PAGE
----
Gladys Bourdain, the mother of the late celebrity chef, Anthony Bourdain, recently died at the age of 85, just one year after her son committed suicide.
Gladys Bourdain was a longtime copy editor at "The New York Times," and she played a significant role in starting the writing career of her son, Anthony Bourdain, who went on to become a famous chef, memoirist, and television show host.
Gladys Bourdain's career began in 1984 at The Times, and she remained there until 2008. She is reputed for being a strict grammarian on the culture, and metropolitan desks and Gladys wrote articles for other news outlets.
When Anthony, then a food writer, was finding it hard to publish an article he wrote in the 1990s about the restaurant business, his mom offered him a helping hand by speaking to her friend, Esther Fein.
Esther Fein was married to David Remnick, the news editor of "The New Yorker" magazine. According to Esther, Gladys came to her and said:
"...It's really good, and it's really interesting, but nobody will look at it, nobody will call him back or give it a second look. Could you put it in your husband's hands."
Esther Fein went on to persuade her husband to read Anthony's article, and soon after, "The New Yorker" published the article, with the title, "Don't Eat Before Reading This."
That article propelled Anthony Bourdain into getting a book deal, and following after that was another great book, "Kitchen Confidential: Adventures in the Culinary Underbelly," which became a New York Times bestseller.
Her father owned a small trucking company, while her mother was a homemaker.
The success gained from that led Anthony into television hosting and many more achievements before he committed suicide in 2018. His mother kept his memory alive by drawing a tattoo of his name on her wrist.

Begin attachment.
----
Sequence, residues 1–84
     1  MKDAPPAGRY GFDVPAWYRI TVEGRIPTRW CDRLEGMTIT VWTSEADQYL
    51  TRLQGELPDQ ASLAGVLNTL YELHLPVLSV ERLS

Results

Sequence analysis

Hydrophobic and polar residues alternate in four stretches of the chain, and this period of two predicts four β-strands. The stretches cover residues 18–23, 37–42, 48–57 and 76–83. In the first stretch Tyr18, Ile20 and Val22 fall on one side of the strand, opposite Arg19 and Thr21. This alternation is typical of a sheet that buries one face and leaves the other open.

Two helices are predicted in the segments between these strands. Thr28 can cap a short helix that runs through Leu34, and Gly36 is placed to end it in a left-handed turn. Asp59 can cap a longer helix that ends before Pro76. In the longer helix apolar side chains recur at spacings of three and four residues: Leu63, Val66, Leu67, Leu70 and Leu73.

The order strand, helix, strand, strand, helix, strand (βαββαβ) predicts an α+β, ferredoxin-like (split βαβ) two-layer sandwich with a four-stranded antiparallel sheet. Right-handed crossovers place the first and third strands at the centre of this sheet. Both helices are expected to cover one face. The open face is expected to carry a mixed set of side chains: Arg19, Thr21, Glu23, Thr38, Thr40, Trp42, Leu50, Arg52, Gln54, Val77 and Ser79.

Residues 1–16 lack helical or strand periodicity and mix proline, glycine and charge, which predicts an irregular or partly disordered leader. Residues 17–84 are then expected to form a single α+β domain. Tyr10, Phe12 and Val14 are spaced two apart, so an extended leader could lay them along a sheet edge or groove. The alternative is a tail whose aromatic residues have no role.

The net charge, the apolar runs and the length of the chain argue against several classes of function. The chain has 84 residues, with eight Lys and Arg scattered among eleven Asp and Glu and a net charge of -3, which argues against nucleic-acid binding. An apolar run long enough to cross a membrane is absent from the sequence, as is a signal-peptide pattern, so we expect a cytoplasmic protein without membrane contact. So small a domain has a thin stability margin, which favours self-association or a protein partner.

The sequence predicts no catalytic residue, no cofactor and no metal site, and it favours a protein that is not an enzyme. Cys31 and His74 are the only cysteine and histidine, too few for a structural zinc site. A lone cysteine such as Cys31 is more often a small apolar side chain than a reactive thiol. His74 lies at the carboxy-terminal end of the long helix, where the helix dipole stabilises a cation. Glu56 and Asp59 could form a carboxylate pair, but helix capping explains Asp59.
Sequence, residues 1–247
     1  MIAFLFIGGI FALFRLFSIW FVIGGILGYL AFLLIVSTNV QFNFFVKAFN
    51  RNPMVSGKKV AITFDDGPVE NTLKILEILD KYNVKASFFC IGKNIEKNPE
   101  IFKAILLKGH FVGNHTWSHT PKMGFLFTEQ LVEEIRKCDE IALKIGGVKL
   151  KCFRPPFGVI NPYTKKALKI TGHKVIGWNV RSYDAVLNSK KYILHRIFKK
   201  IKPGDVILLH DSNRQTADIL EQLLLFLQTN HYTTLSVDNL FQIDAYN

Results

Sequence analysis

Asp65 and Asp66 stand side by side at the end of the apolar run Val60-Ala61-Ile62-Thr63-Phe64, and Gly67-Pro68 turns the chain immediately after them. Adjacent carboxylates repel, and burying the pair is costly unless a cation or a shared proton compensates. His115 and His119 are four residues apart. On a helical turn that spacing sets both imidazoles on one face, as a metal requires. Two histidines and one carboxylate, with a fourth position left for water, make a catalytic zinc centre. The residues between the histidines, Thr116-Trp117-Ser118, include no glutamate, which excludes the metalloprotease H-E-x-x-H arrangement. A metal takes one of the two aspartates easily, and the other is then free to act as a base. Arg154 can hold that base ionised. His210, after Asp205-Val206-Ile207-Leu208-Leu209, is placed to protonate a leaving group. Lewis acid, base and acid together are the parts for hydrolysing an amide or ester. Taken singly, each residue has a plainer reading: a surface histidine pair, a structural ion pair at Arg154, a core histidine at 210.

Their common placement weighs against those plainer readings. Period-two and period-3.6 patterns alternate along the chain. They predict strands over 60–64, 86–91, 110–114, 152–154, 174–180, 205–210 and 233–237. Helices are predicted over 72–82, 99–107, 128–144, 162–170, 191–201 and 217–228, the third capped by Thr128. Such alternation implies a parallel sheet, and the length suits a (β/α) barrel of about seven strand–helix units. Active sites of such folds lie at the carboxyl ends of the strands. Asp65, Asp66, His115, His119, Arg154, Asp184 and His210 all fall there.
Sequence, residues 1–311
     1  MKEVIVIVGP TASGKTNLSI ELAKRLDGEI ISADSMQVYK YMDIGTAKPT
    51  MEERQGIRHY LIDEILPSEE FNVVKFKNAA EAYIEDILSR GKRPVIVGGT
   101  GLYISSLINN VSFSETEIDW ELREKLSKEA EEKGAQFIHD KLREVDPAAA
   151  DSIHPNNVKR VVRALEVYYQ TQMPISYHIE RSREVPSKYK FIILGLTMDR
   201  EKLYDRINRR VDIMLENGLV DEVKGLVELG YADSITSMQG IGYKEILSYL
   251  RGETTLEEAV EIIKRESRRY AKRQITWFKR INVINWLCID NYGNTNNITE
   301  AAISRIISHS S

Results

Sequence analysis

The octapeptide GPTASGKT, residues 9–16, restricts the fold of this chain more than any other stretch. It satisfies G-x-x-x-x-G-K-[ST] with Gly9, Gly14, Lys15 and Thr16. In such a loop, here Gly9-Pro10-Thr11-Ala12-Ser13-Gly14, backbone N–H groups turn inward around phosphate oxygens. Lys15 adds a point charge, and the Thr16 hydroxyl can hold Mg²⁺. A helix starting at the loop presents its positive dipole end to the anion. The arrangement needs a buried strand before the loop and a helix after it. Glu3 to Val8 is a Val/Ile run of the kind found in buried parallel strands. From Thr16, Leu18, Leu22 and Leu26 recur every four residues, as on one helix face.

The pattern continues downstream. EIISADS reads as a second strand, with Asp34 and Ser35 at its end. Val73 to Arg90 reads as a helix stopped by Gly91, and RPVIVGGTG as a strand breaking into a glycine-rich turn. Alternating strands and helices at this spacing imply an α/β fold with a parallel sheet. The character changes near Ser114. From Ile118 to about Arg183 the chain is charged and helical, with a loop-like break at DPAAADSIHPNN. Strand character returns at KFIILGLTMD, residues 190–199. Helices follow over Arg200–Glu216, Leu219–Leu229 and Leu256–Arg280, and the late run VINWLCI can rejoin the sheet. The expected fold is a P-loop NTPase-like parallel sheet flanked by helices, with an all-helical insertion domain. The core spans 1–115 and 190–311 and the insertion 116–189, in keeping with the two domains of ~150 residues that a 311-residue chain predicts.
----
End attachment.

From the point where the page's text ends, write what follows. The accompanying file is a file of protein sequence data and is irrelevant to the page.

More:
Gladys died on Friday at a hospice facility located in Bronx. Her death was confirmed by her son, Christopher, who said that her health had been deteriorating for some time.
Her former colleagues at the Times also paid tribute to her. Editor, Patrick LaForge tweeted:
"I sat near Gladys for several years on the Metro Copy Desk, and she always made sure we ordered good take out."
"Times" alum, Lydia Polgreen also described Gladys Bourdain as a tough copy editor, adding that she was always grateful to Gladys for her thoughtful contributions regarding her stories.
Gladys Bourdain was born on October 19, 1934, in Manhattan, New York, as Gladys Sacksman. Her parents were Martha and Milton Sacksman.
Her father owned a small trucking company, while her mother was a homemaker. Before Gladys joined the Times, she gained experience working for TV Guide, The Record of Bergen County, N.J., and Agence France-Presse.
In 1954, Gladys tied the knot with Pierre Bourdain, but they separated in 1980, while he died in 1987. They had two sons, the late Anthony and Gladys's surviving son, Christopher.